The Tipton Daily Tribune from Tipton, Indiana on April 20, 1965 · Page 1
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The Tipton Daily Tribune from Tipton, Indiana · Page 1

Tipton, Indiana
Issue Date:
Tuesday, April 20, 1965
Page 1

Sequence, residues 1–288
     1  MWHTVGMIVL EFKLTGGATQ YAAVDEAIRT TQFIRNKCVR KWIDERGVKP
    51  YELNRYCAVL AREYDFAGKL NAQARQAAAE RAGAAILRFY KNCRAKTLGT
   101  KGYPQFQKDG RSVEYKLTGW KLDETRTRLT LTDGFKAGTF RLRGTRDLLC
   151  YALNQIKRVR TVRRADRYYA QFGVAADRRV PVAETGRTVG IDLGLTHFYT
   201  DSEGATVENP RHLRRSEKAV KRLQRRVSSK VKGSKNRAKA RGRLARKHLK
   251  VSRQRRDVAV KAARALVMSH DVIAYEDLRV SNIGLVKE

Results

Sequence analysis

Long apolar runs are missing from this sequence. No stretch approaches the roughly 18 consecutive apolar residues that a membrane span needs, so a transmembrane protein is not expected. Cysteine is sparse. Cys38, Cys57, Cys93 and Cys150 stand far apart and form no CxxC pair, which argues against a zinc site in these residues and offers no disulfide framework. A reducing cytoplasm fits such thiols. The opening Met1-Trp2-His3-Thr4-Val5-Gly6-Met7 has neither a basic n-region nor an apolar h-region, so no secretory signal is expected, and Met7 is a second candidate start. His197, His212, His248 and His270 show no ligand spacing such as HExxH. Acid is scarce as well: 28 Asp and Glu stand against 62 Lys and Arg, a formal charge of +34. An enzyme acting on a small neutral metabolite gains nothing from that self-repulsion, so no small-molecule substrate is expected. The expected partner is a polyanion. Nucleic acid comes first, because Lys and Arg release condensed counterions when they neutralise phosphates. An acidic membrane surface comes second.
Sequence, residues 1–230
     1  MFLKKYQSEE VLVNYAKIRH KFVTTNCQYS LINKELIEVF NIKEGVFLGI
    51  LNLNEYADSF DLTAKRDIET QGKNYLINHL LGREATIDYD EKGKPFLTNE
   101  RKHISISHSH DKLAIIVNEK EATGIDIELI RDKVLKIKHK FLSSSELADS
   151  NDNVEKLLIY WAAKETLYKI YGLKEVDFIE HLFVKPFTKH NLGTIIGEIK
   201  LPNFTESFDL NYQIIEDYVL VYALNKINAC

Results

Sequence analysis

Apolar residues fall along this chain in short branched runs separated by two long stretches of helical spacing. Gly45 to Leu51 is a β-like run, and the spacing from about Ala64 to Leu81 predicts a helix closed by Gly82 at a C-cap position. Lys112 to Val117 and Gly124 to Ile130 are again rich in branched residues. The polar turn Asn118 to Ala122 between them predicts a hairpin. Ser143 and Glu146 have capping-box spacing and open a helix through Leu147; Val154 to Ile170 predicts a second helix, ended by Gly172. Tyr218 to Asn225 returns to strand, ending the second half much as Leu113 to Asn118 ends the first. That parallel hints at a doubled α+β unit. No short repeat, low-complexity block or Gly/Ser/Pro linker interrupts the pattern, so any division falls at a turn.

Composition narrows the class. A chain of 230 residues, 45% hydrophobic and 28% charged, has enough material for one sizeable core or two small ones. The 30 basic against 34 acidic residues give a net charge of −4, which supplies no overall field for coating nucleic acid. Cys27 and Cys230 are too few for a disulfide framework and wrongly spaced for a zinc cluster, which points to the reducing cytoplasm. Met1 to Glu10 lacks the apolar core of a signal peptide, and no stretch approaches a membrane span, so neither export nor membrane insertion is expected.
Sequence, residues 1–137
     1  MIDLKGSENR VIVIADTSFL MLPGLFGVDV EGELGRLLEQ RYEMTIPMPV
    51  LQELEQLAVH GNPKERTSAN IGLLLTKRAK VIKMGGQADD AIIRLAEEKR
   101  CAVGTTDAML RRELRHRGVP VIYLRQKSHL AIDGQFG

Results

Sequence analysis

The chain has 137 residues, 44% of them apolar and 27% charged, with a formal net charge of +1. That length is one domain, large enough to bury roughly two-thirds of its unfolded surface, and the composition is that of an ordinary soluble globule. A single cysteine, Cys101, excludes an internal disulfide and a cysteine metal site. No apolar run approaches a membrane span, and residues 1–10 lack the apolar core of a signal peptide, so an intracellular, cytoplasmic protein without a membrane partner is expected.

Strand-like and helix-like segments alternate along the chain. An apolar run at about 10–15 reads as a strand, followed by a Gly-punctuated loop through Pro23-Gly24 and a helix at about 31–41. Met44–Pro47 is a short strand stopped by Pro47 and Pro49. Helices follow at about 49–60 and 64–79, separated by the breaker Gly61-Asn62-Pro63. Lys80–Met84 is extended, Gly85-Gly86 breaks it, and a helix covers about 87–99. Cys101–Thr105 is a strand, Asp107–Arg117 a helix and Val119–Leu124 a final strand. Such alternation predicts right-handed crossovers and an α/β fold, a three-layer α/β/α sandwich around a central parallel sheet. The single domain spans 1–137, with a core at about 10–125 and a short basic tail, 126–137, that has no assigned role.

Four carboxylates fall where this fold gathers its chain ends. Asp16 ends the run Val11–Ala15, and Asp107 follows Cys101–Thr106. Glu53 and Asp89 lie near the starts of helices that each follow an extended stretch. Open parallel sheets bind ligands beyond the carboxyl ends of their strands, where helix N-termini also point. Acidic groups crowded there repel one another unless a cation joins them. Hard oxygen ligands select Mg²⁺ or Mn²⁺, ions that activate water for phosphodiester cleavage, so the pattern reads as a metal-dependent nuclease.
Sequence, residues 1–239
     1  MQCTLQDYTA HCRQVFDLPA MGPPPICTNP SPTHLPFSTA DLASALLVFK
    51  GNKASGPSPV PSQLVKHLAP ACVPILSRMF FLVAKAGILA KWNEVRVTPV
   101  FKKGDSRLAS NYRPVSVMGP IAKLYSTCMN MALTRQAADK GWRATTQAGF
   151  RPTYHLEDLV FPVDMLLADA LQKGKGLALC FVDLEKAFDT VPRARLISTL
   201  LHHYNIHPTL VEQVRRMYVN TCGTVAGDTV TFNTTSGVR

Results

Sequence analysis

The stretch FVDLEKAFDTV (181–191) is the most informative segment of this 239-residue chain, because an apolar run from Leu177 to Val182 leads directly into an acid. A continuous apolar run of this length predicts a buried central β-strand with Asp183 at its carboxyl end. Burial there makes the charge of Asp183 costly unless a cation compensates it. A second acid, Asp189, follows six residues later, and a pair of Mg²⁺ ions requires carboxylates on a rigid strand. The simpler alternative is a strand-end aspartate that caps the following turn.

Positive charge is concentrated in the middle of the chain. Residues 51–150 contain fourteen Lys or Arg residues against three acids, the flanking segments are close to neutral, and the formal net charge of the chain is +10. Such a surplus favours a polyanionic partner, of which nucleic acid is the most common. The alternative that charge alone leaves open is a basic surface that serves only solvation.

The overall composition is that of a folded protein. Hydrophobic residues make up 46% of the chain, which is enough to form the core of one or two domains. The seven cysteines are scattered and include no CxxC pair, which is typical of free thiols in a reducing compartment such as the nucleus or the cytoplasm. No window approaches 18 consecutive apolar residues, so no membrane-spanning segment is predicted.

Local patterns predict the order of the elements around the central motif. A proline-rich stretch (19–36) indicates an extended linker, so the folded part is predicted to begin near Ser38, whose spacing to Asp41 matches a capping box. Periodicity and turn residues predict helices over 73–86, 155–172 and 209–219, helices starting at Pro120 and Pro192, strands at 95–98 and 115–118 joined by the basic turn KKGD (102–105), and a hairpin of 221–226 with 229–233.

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iRCLilVES ASSISTANT TMDTAHA STATE LI3RART IMDIAHAPOLIS, INDIA** ENTERED AS SECOND CLASS MATTER OCTOBER 4, 1895 At POST OFFICE AT TIPTON, INDIANA VOLUME 69, NUMBER 170 TIPTON (INDIANA) DAILY TRIBUNE, TUESDAY, APRIL 20, 1965 7 CENTS PER COPY — 35 CENTS PER WEEK COURT RULING INDIANAPOLIS (UPI) — The Indiana Supreme Court Monday ruled where there is "conflict between statutes the more recent statute is controlling" and held that a trial judge may set the prison term of a man found guilty by a jury which does not specify a term. Elz3 Beniamin Houtchens and Clarence William Ward, both prisoners at the Indiana State Prison in Michigan, had filed appeals in Laf'orte Superior Court from denials of writs of habeas corpus. The men filed the writs after they Were sentenced to 15 years in prison for convictions on charges of committing petit larceny while armed with a deadly weapon. In a divided opinion, the high court ruled that a 1929 law sets the penalty for the crime at 10 to 20 years and thereby gives the trial judge authority to set the sentence between those two times when a jury fails to specify which term they favor. A public defender representing the two convicts maintained that under a 1927 law the judge had no such authority. Judge Amos Jackson dissented. BODY RECOVERED GAS CITY, Ind. (UPI)— Authorities here late Monday recovered the body of Keith Stanley, 19, from the Mississinewa River about half a mile from the spot where he fell in from a bridge on which he was working April 6. •Police said they had searched the rain-swollen river for Stanley's body every day, except during the recent tornadoes, since the groom of three weeks disappeared. Several of his fellow workers on the construction project at the bridge spanning the river between Gas City and Jonesboro jumped-into the water to attempt to rescue'Stanley, but they could not find him in the swift current. IN A READIES FOR VIET NAM WAR ON FAST TIME EVANSVILLE, Ind. (UPI) — The "fast*' or "slow" time controversy has ended in this southwestern Indiana city. The Evansville city council voted •.Monday night, 7-2. to stay on year - round Eastern Standard Time. The move to "fast - ' time in this city and Vanderburgh County is expected to signal the shift to EST in the other counties in the area, one of two pockets of the annual time shift left in the state. If the rest of the counties still using "slow" or Central Standard Time for part of the year in the area follow Evansville's lead, only the northwestern section of the state will continue to cling to the "slow" standard. Members of the Evansville city council said the decision to switch to year-round "fast time was made with a desire to stay in step with the majority of Hoosier counties and to bring to an end the controversy in the city. The councilmen reached their decision after two public hearings held last week to give both sides of the argument a chance to be heard. State Treasurer Provides Funds To Storm Areas INDIANAPOLIS (UPI)— State Treasurer Jack New today announced he is depositing S16 million of state funds in 21 banks serving the tornado- stricken areas of Indiana. New said the money could be loaned to home owners, farmers, businessmen and others at whatever rate the banks determined should be charged. The money is interest - free to the banks except for one- fourih of one per cent deposit insurance. ! However, under banking regulations, only about $8 million of the total can be out on loan at any one time. New said he picked the banks in eight counties on the basis of news reports he had read and heard about where the damage was the heaviest from the Palm Sunday twisters. "I tried to call some of these banks in the tornado areas ear.- lier to see if they wanted some free money, but I couldn't get through," New said. "So I decided to go ahead and authorize the transfers." New said the Russiaville State Bank, the only bank dembl- ished by the tornado, would get $500,000 as soon as it resumes operations—probably in a mobile unit within a few days. "It's not up to me to set interest rates," New said, but he expressed the hope the money could be loaned at low interest rates. "If you put yourself in the position of these people, you realize, it will take a tremendous amount of money to replace what they have lost." New said. "Farmers particularly will need money right away." New said the money which lie is preparing to transfer now is in active accounts in five other banks and will be transferred to the 21 designated banks today. In addition to Russiaville, New designated these other banks: American National Bank, Noblesville; First National Bank, Kokomo; Union Bank & Trust Co., Kokomo; First National Bank of Elkhart; First Old State Bank, Elkhart; St. Joe Valley Bank, Elkhart; First National Bank of Goshen; Salem Bank & Trust Co. of Goshen; Boone County State Bank, Lebanon, and Citizens Bank & Trust Co., Lebanon, each $1 million. American Slate Bank~of Sherdan, Waynewright Bank & Trust Co., Noblesville; State Bank of Greenlown; First Bank of Middlebury; Exchange State Bank, Wakarusa; Central State Bank, Lakeville; Farmers State Bank, Wyatt; Community State Bank, North Liberty; Shipshe- ivaa State Bank; Farmers Stote Bank, Lapaz, and Hamlet State Bank, each also $500.00. The money to be transferred to these 21 banks will come from accounts consisting of $2 million in the Scott County Bank at Austin; $1.7 million in the Farmers Central Bank, West Lebanon; $1.C million from the C'tizens State Bank, Williamsport. The remaining $10.7 million will be taken equally from the American Fletcher National Bank and Indiana National Bank, both of Indianapolis. Another $350 is Re i ett p *»« Added Today To Disaster Funds TWO SENTENCED EVANSVILLE, Ind. (UPI) — Vanderburgh Circuit Judge William Miller Monday sentenced William L. Cartwright, 22, Evansville, to 10 to 25 years on the state prison farm for a 1963 liquor store robbery which netted S136. John Collins, 27, Evansville, convicted as Miller's accomplice in the holdup also received a 10 to 25-year sentence. Cartwright was returned to Indiana on a fugitive warrant from California. HIGH AND LOW • NEW YORK (UPI)—Lowest temperature reported this morning in the United States, excluding Alaska and Hawaii was 20 degrees at International Falls, Minn. Highest Monday was OS at Laredo, Texasi ——— 25.00 . 10.00 SALVATION ARMY Major Botu, district aging editor R. director of that organization in the Russia- tablished by the ville disaster work, gratefully accepts a check ville Lions Club. Monday afternoon from Tipton Tribune man- D. Maney in the kitchen es- Salvation Army in the Russia- i (TRIBUNE Photo-Engraving) State Seeking Loopholes For Flood Victims i by HORTENSE MYERS United Press International INDIANAPOLIS (UPI) —State officials indicated today they are seeking a loophole by which some measure of relief can be given to Indianans who face the strange; prospect of haying to pay taxes on property brown to bits by the Palm Sunday tornadoes. All arouna me stricken areas, local tax assessing officials said there was no way under state law to avoid assessing for property owned on March 1 but wiped off the face of the earth April 11: This would mean (hat a property owner whose improvements were valuable assets on March i, the day the annual spring assessing opened, would pay taxes next year on the pre- storm value of his property despite the fact that 42 days later, while the assessing was still in progress; he had nothing left but heaps of debris. But Richard Worley, chairman of the State Tax Commission, said cautiously the state is considering whether any relief is possible. He was not hopeful, but nevertheless he did not rule out the possibility some loophole may- be found. "The only thing I can say right now," Worley said, "is that the matter is under consideration. We do have authority to order reassessment and we can and will reassess for next year. "But i this happened after March 1.; Our lax laws do not allow any extension of time. All I can say right now is I am not ready to make any public announcement, but we have discussed this with the attorney general's staff and we have a meeting tomorrow to discuss it. "There is a question if anything cani be done, but I don't want to completely close the door." (Continued on page 6) Youths Stage White House Sit-In Today WASHINGTON (UPI)—Seventeen youhs staged a sit-in on a White House driveway today to Drotest U.S. policy in Viet Nam. They were arrested and charged with disorderly conduct when they refused to stop blocking the entrance. The demonstrators said they wahled to present a petition to President Johnson calling for immediate withdrawal of U. S. forces from Viet Nam. A Secret Service agent offered to accept the petition, but they insisted on seeing the President, i The youths, apparently from among the 15,000 who picketed the White 'House Saturday, sat in the driveway of the-east entrance for 40 minutes and ignored repeated police pleas to leave. They finally were picked up bodily and taken in police patrol wagons to the third precinct where they were booked on the disorderly conduct charge. Two Others Arrested Two other demonstrators from the Congress Of Racial Equality (CORE) also, were arrested, making the total taken into custody 19. The CORE demonstrators did not sit down in the driveway, but plopped down at the White House fence. Metropolitan Police Lieut. W. .1. Groyshot told the demonstrators: "You are in violation of the law by sitting here and blocking the entrance. We are going to ask you to move. If you don't, we shall place you all under arrest." The demonstrators responded by singing, "We shall not be moved." Hauled Away Separately They sang loudly, as policemen moved in to haul each one away individually. It took four inlicemen to carry each of the demonstrators. Most of the youths resisted by stiffening their bodies. One red-haired young woman, wearing a green jacket and blue jeans, fell down on the street and extra policemen had to move in to carry her to the patrol wagon. Another young man and woman held on to each other and police carried them into the van together after much scuffling. The demonstrators told a Secret Service agent that they wanted to present a petition to President Johnson. The petition urged "the immediate, unconditional withdrawal of the United (Continued on page 6) NEW TELEPHONE BUILDING In Russiaville is expected to be ready.for use by the, end of this week. The outside of Hie building, constructed of concrete block, wis started last Wednesday and is now near completion. ' (TRIfcUNI Photo-Engraving) Program Friday At High School , "Take Me To Yoitf President" a combined production of the T.H.S. Drama Club and the high school senior class, will be presented in the High School gymnasium at 8 p.m. Friday night, To* puWje is invited. School Students Reinforce Dikes In Flood Areas By DARRYL HE1KES United Press International LA CROSSE, Wis. (UPI)—A diver lowered himself into the Mississippi River today to inflate a "balloon" . and stop ,an. overloaded storm sewer from unleashing torrents of flood waters. ; . Two sewers were plugged with similar devices Monday at Winona, Minn., 25 i miles upstream from this endangered city. A third was plugged there today. Army engineers ordered 1,000 persons evacuated ! from their homes on Winona's East Side Monday because they feared the sewers could hot contain the waters of the rampaging Mississippi. Aside from seepage, water was kept out of every home in Winona, ' Mayor Rudy Ellings said. Some persons put their furniture on blocks, but none removed their belongings from their homes. At La Crosse, 300 volunteers worked through the night to ouild up a threatened dike where record flood waters chewed through two levees Monday. High school students were called out again at Dubuque, Iowa, to reinforce 1 dikes and levees. It was feared 1,000 persons might have to evacuate their homes in East Dubuque, 111., if flood waters reach a forecast crest a foot higher than previous predictions. Up and down the mighty river, makeshift dikes and sandbagged levees groaned against the powerful flow of water. Nearly everywhere, the .Mississippi was running at record levels. In some places it held steady, in others it inched ominously upward. A tense situation developed at La Crosse Monday ! when the river cut through a dike and tanks to a precarious tilt. Authorities feared the tanks were .eaking and lhat a spark would ,et off a sea of flames through the town. . i Fire experts were; called in and Monday night determined hat the tanks, containing 15 million gallons of fuel, were not leaking. ! ' The river was running 173 feet deep past La Crosse early today, with a /crest of 18 feet expected' Wednesday.: Civil defense spokesmen said the crest will be maintained for two or three days. j The TRIBUNE Disaster Victim' Fund continued to climb today with a total of $350.00 added to yesterday's total of $3,445.28 to make a grand total of $3,795.28 as of 11 a.m. Tuesday. Added contributions were brought in after the total was reached and will be acknowledged tomorrow. At the present time it is planned to close the drive as of Wednesday evening. However, this will depend upon the desire of the public to contribute. j $500 of the Disaster Fund total was distributed yesterday at Russiaville, to Major Frank 1 lin Botu, area director of Howard county, to be used in the feeding program being carried out at the Russiaville Lions Club. To Visit Sheridan A visit will be made to.lay to'j Sheridan and Hamilton county- areas to determine the needs in that area. It is hoped that all monies given toy Tipton Disaster Area donors will be used in local areas, this being the spipu- lation at the time the checks are given. One grandmother brought a jar partially filled with silver she had been saving for grandsons who were. to visit her on Easter, but plans were changed and she' brought the total to the Tribune for the fund, knowing "her . grandsons wouldn't mind —it was a very fine cause." The latest list of contributors are: J. C 6.00 Mildred Haley 5.00 4.00 ... 5.00 ... 10.00 10.00 10.00 5.00 5.00 10.00 Mrs. Jess Johnson Chas/Gathman Sr. Two Friends — Mr. -aj)d Mrs. Dallas Ressler - -. Mr. arid Mrs. Russell I Hoover Golden Rule Sunday School ; Class, Tetersburg ± ; Church .; —. 5.00 Flora J. Dickover 10.00 Mr. and Mrs. William ' Ziegler,. Sr. Mr. and Mrs. Dewey ! Edwards . Mr. and Mrs. Ralph Graham Miss Ruth Coble — 5.00 Anonymous ... „. 5.00 Mr. and Mrs. Ronald Treesh . 10.00 Quarter Miler's Auto Club - 10.00 Mrs. Ruby Ray .... 5.00 Mr. and.Mrs. Everett Spradling 10.00 Tipton Lions Club, Inc.... 25.00 Mrs. Nettie Sottong . .... 10.00 Mr. and Mrs. Ray Parnell 5.00 Mr. and 'Mrs. Lester Miller 5.00 C. W. Phifer 10.00 Bert Castor — 25.00 Caroline M. Thomas 5.00 Mr. and Mrs. Ed Call 5.00 John DeWitt 5.00 Anonymous — 5.00 anonymous 5.00 Opal, Mary, Sam Florey Mr. and -Mrs. Bill Rollings Mr. and Mrs. Glen Teter Mrs. Wilma Grimme Helen and Robert Leininger Mr. and Mrs. George Stroup Mr. and Mrs. Bill Calvin Monday Night Club ... Mr. and Mrs. Lawrence Bath . Previously \ acknowledged . —. $3,445.28. Today's Total -.. 350.00 Total Fund to Date $3,735.28 10.00 10.00 . 20.00 20.00 ..... 10.00 5.00 5.00 Two Charged in j Theft of Arms "Roy" Capshaw had his name changed in Circuit Court Monday, at least on the affidavit charging him witn buig- lafly and theft of firearms. The action came as Capshaw, legally Lapdis Cordell Capshaw, and Roger Hefner were brought" In for arraignment. The pair were arrested March 10 for the theft of $75 worth cf firearms from the Samuel E. Miller residence near Atlanta. Both Capshaw and Hefner, who are represented by a court- appointed pauper attorney, Stanley Herbert, appeared in Monday's session to waive formal arraignment and enter pleas of not guilty. Judge Oliver Wheatley set June .15 as the jury trial date for Hefner, with Capshaw to have his jury trial two days later. Music Program At High School The public is invited to attend Tipton High School's gymnasium Wednesday at 1 p.m., when the Indiana SCate University Women's Glee Club -will present a program sponsored by the Student' Council. The Glee Club will be directed bv Robert F Honn- chell. Jackson Central Offers Musical "America Sings" will toe offered to the public Friday and Saturday evenings at 7:30 p.m. in Jackson Central Junior High School. Directed by Mrs. Harris Thomas, who is assisted by Mary Barricksnan, the program is the third' annual production to raise scholarship fundi for the students. TORNADO ODDITY Is pit 30 m.p.h. «lgn blown Into tho second floor window of ml* homo In RusslavllU during tho P«lm SvmMy torna*. (T»IIWN| Phttf-Bnfrwlnf) By DANIEL SOUTHERLAND United Press International TOKYO (UPI) — Communist China called today for a nationwide campaign to make "full preparations" for. sending Chinese to fight Americans in Viet Nam. It rejected peace proposals except on Communist terms. The action was taken by the standing committee of the Na- 'ional Peoples Congress of Red China, a rubber stamp parliament which would not act without the approval of Communist party leader Mao Tze-tung and other Communist leaders. A committee resolution broadcast by the Communist New China News Agency repeated Peking's oft - voiced promise that the Chinese people will not sit idly by" while North .Viet Nam is attacked. This was believed to be the first time Peking has soecifical- -ly threatened to send troops into Viet Nam. The Russians have said they may send "volunteers" to Viet Nam if requested to do so. The Chinese statement, however, hinted at organized recruiting and mass troop shipments on the pattern of Peking's intervention in the Korean War. Peking made the possible troop movements conditional on "the event that U.S. imperialism continues to escalate its war of aggression and the Vietnamese people need them (the Chinese)." Both the Chinese and North Vietnamese, have demanded U.S. troop withdrawal before peace talks open. Soviet Premier Alcxei N. Kosygin said "Monday peace can come only when the United States withdraws from Viet Nam. But he did not specifically make this a condition for peace talks. Kosygin did warn the Unite! States that aerial bombardments and the use of gas in Viet Nam mi;^ht lead to "retaliation in kind." This was the strongest Soviet statement since the United States began air attacks against North Viet Nam. American planes carried out new raids today. Father of Tipton Schoolman Dies Louis W. Guenther, 77, father of Tiptcn School Superintendent Vincent R. Guenther, succumbed at 4:20 a.m. Monday in Jefferson ville where he resided on Utica Pike. He had been ill for six months . Services will be conducted at 10 a.m. Wednesday frm the Sratt Funeral Home in Jeffersonville, with burial in Walnut Ridge Cemetery in lhat community. Friends may call anytime at the funeral home where Masonic services will be held this evening. | The deceased was a retired engineer on the Pennsylvania Railroad. Survivors include the wife, Mabel S. Guenther. the son Vincent; a daughter Dorothy, at home; three sisters and four grandchildren. $800 Damage In Monday Crash Another left-turn accident resulted in $8C0 damage to two automobiles at the intersection of Ind. 28 and U. S. 31 Monday afternoon. The mishap occurred as Paul Norris, 47, R. R. 1, Manilla, who was traveling west on Ind. ^8, attempted to turn south on U.S. 31 in front of an eastbound car driven by 19-year-old Janice Link of Frankfort. Damrige to Norris* 19S4 vehicle was estimated at $303 while the loss to the Link auto was set at $500. Neither Norris nor the Link girl were reported injured. Investigation of the accident was conducted by Indiana state trooper Richard Joincs and officers from the Sheriff's Department. WEATHER •!•• •• Partly cloudy today, chance of. a few'showers northern sections this:morn-, ing. Generally fair tonight and Wednesday. Warmer, Wednesday. High today 57 to 66V Low tonight 38 to 43. High Wednesday 45 to 70.